Sutton's Dyna architecture [116, 117] exploits a middle ground, yielding strategies that are both more effective than model-free learning and more computationally efficient than the certainty-equivalence approach. It simultaneously uses experience to build a model ( and ), uses experience to adjust the policy, and uses the model to adjust the policy.
Dyna operates in a loop of interaction with the environment. Given an experience tuple , it behaves as follows:
which is a version of the value-iteration update for Q values.
The Dyna algorithm requires about k times the computation of Q-learning per instance, but this is typically vastly less than for the naive model-based method. A reasonable value of k can be determined based on the relative speeds of computation and of taking action.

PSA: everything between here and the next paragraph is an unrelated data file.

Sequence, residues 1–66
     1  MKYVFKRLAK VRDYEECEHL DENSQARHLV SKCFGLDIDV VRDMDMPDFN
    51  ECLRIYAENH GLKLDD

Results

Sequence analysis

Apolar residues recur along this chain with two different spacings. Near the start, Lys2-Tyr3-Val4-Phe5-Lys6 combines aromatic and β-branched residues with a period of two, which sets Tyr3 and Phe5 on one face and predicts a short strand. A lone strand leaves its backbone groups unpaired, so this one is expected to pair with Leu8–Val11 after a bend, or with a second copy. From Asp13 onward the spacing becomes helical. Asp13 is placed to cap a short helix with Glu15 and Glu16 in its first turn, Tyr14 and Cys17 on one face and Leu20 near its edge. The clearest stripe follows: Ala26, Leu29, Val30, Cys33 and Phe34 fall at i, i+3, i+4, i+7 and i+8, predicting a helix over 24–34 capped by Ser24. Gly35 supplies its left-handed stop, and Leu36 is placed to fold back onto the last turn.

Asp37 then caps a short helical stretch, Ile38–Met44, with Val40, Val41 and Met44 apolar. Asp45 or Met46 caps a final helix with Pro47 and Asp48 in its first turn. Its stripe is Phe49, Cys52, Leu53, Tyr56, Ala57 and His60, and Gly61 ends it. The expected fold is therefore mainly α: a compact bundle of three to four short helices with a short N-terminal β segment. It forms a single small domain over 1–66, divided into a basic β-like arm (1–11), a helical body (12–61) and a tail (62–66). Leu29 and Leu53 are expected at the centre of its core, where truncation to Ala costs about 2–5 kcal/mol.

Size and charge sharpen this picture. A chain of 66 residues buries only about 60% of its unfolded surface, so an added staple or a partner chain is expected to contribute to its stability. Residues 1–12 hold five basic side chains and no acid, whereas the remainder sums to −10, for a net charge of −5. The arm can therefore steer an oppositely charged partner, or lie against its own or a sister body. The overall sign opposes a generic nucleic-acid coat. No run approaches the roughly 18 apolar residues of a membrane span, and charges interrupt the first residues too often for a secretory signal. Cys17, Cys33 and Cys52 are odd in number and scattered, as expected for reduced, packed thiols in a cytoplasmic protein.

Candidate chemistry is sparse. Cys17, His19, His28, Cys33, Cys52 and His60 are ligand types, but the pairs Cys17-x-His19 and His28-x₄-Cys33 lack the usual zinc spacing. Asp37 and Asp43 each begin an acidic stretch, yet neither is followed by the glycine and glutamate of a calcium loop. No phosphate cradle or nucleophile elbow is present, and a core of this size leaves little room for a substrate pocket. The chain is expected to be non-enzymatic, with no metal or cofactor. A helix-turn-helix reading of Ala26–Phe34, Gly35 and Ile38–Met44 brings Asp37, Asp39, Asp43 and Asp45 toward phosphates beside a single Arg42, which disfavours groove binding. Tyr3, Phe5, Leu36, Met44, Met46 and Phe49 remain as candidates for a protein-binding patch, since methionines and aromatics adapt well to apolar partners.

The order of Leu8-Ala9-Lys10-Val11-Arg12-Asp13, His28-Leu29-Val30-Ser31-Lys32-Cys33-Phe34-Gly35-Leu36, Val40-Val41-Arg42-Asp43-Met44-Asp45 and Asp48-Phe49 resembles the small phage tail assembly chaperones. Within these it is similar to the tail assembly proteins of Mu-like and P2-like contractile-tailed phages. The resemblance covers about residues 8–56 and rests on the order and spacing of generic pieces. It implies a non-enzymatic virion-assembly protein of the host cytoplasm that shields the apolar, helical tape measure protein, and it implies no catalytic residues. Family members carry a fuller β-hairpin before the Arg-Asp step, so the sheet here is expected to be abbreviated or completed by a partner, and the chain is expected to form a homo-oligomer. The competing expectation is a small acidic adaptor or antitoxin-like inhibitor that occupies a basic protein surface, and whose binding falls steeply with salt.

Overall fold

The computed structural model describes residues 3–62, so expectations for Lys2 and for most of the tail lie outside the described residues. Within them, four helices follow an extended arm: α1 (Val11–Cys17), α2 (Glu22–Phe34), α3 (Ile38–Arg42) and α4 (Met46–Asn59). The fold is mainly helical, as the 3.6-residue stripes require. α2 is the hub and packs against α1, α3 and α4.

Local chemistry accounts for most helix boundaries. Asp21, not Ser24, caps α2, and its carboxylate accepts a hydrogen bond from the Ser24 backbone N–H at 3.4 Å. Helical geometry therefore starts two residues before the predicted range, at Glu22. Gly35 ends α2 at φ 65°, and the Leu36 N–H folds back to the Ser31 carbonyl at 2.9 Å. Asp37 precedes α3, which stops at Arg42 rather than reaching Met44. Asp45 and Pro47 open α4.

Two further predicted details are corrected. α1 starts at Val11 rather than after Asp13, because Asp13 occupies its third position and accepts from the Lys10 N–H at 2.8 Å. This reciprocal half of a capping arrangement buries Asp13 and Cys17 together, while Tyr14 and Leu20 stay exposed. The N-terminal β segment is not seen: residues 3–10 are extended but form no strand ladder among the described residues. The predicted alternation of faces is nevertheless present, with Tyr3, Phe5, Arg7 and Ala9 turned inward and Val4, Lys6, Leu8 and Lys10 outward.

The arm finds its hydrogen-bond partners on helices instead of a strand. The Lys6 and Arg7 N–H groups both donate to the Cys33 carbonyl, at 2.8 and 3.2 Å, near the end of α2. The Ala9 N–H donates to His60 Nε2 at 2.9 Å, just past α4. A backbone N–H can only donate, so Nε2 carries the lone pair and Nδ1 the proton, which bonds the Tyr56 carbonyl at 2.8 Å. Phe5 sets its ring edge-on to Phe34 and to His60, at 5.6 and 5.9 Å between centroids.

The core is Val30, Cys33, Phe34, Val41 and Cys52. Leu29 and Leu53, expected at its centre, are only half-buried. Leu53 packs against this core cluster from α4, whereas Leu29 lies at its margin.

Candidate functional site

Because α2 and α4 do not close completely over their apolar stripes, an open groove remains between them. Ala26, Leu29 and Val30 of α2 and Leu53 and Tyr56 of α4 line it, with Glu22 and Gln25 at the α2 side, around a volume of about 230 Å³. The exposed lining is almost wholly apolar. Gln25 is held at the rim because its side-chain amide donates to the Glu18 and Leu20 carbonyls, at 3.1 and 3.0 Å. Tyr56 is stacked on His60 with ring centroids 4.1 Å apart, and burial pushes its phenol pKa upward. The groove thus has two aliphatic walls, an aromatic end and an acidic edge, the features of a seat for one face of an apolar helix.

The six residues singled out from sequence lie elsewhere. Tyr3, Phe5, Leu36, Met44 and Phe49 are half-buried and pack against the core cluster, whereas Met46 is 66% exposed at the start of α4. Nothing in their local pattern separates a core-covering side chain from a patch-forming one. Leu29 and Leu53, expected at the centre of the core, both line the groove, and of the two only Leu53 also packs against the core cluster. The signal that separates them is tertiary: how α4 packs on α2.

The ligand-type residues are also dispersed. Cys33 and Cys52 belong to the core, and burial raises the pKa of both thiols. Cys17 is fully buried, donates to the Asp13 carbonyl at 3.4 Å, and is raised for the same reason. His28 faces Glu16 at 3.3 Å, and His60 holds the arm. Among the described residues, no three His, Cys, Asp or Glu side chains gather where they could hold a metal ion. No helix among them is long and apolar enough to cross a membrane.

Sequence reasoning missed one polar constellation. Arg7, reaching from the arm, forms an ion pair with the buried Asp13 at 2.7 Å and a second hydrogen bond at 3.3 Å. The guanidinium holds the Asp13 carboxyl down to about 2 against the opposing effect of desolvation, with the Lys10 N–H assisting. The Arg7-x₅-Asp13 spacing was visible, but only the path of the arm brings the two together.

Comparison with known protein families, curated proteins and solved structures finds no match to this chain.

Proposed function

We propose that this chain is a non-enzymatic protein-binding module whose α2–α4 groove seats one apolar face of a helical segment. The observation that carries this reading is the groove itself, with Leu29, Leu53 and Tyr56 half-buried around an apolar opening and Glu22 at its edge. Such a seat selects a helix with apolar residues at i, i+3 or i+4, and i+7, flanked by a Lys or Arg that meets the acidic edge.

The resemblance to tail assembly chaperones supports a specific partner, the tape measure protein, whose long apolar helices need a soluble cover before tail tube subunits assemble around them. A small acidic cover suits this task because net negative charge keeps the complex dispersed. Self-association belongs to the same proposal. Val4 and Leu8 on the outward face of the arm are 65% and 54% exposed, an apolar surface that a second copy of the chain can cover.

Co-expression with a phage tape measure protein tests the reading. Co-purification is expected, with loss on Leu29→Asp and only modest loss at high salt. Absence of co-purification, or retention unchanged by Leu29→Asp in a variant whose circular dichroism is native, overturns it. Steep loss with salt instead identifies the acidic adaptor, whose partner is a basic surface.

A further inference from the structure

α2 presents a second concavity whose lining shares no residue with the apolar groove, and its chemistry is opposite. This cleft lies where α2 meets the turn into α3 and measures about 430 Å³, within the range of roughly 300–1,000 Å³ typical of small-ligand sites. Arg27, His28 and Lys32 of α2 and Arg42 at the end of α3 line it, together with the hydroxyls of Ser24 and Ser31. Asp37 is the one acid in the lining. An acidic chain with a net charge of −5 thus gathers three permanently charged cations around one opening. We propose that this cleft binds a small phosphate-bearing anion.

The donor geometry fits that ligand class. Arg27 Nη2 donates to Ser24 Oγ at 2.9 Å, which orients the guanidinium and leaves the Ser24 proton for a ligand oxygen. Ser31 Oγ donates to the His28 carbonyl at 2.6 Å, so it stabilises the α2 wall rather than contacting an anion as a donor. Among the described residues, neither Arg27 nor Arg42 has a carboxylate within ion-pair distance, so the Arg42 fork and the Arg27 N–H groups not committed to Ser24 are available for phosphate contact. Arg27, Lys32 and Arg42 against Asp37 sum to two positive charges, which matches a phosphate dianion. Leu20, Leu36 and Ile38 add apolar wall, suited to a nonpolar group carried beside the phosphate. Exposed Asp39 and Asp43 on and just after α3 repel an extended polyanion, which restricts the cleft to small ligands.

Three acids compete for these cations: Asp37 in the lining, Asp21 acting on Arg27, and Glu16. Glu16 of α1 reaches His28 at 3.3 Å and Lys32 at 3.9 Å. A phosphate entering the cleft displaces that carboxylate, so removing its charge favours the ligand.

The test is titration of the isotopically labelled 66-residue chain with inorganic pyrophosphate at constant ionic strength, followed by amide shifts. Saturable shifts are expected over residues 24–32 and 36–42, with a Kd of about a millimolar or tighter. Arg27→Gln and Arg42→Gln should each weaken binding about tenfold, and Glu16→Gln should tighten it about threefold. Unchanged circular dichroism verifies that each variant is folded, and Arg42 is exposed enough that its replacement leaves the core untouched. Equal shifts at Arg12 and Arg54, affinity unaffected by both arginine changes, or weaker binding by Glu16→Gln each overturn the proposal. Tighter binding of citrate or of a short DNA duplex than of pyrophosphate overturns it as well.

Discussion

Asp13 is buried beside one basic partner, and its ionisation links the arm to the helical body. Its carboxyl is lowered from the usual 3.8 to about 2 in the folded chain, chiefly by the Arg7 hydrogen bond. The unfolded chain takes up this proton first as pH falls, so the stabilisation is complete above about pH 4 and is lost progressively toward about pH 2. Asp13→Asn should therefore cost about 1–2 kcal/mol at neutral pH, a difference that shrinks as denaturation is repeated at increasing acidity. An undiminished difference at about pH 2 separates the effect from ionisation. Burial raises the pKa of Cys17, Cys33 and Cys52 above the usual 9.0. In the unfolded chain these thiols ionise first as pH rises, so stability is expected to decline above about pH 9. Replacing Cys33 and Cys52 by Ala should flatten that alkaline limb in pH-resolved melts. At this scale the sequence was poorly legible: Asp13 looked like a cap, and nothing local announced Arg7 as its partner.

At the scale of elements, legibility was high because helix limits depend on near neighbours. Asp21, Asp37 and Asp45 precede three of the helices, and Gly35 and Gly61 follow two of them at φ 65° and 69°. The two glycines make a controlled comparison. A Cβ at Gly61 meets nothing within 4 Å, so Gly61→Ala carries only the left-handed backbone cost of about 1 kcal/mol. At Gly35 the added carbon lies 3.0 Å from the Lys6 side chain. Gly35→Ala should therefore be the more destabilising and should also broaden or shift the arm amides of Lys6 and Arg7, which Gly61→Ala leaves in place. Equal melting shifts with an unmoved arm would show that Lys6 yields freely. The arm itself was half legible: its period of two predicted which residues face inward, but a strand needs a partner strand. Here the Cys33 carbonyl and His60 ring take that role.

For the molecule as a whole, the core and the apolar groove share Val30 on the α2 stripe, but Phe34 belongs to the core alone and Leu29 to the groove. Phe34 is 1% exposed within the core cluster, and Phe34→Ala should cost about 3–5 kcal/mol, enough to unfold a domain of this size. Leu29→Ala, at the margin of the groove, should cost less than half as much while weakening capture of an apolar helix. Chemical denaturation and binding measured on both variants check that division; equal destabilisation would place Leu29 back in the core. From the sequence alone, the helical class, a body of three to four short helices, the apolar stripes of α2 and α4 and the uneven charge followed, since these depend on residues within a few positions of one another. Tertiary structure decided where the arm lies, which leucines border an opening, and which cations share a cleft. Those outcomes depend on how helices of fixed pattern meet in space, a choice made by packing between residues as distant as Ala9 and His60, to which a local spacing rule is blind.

Figure 6 shows a grid world in which in each cell the agent has four actions (N, S, E, W) and transitions are made deterministically to an adjacent cell, unless there is a block, in which case no movement occurs. As we will see in Table 1, Dyna requires an order of magnitude fewer steps of experience than does Q-learning to arrive at an optimal policy. Dyna requires about six times more computational effort, however.
Figure 6: A 3277-state grid world. This was formulated as a shortest-path reinforcement-learning problem, which yields the same result as if a reward of 1 is given at the goal, a reward of zero elsewhere and a discount factor is used.
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